Olivenite

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Olivenite
Mineraly.sk - olivenit.jpg
General
CategoryArsenate minerals
Formula
(repeating unit)
Cu2AsO4OH
Strunz classification8.BB.30
Dana classification41.06.06.01
Crystal systemMonoclinic
Crystal classPrismatic (2/m)
(same H-M symbol)
Space groupP21/n
Identification
ColorOlive green to yellow or brown, gray-green, grayish white
Crystal habitFibrous, globular and reniform; granular, earthy, massive
TwinningOn {010}
Cleavage{101}, {110}, indistinct
FractureConchoidal to irregular
Mohs scale hardness3
LusterAdamantine to vitreous, pearly to silky if fibrous
StreakOlive-green to brown
DiaphaneityTranslucent to opaque
Specific gravity4.46
Optical propertiesBiaxial (+/-)
Refractive indexnα = 1.747 - 1.780 nβ = 1.788 - 1.820 nγ = 1.829 - 1.865
Birefringenceδ = 0.082 - 0.085
PleochroismWeak green and yellow
2V angleMeasured: 80° to 90°, Calculated: 46° to 84°
Dispersionstrong r > v or r < v
References[1][2][3]

Olivenite is a copper arsenate mineral, formula Cu2AsO4OH. It crystallizes in the monoclinic system (pseudo-orthorhombic),[1] and is sometimes found in small brilliant crystals of simple prismatic habit terminated by domal faces. More commonly, it occurs as globular aggregates of acicular crystals, these fibrous forms often having a velvety luster; sometimes it is lamellar in structure, or soft and earthy.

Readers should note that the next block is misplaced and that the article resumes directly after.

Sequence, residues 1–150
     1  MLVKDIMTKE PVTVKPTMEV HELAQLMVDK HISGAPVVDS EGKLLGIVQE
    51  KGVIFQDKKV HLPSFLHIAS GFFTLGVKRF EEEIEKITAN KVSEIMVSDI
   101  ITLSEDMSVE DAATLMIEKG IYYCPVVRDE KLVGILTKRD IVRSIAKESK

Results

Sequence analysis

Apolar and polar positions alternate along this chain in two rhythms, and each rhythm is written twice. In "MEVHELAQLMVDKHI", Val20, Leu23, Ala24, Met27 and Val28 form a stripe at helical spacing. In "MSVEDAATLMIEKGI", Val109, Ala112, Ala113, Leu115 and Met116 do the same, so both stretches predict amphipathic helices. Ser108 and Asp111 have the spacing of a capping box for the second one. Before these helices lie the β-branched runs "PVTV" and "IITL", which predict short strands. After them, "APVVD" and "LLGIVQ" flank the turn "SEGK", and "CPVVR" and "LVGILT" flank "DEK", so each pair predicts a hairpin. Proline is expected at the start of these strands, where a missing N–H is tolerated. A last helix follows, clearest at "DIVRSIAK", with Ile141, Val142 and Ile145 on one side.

A characteristic feature, and one to which the name alludes (German, Olivenerz, of A. G. Werner, 1789), is the olive-green color, which varies in shade from blackish-green in the crystals to almost white in the finely fibrous variety known as woodcopper. The hardness is 3, and the specific gravity is 4.3. The mineral was formerly found in some abundance, associated with limonite and quartz, in the upper workings in the copper mines of the St Day district in Cornwall; also near Redruth, and in the Tintic Mining District in Utah. It is a mineral of secondary origin, a result of the oxidation of copper ores and arsenopyrite.

Olivenite from Mammoth Mine, Tintic, Utah

The arsenic of olivenite is sometimes partly replaced by a small amount of phosphorus, and in the species libethenite we have the corresponding copper phosphate Cu2PO4OH. This is found as small dark green crystals resembling olivenite at Ľubietová in the Slovak Republic, and in small amount also in Cornwall. Other members of this isomorphous group of minerals are adamite, Zn2AsO4OH, and eveite, Mn2AsO4OH.

References[edit]

  •  This article incorporates text from a publication now in the public domainChisholm, Hugh, ed. (1911). "Olivenite". Encyclopædia Britannica (11th ed.). Cambridge University Press.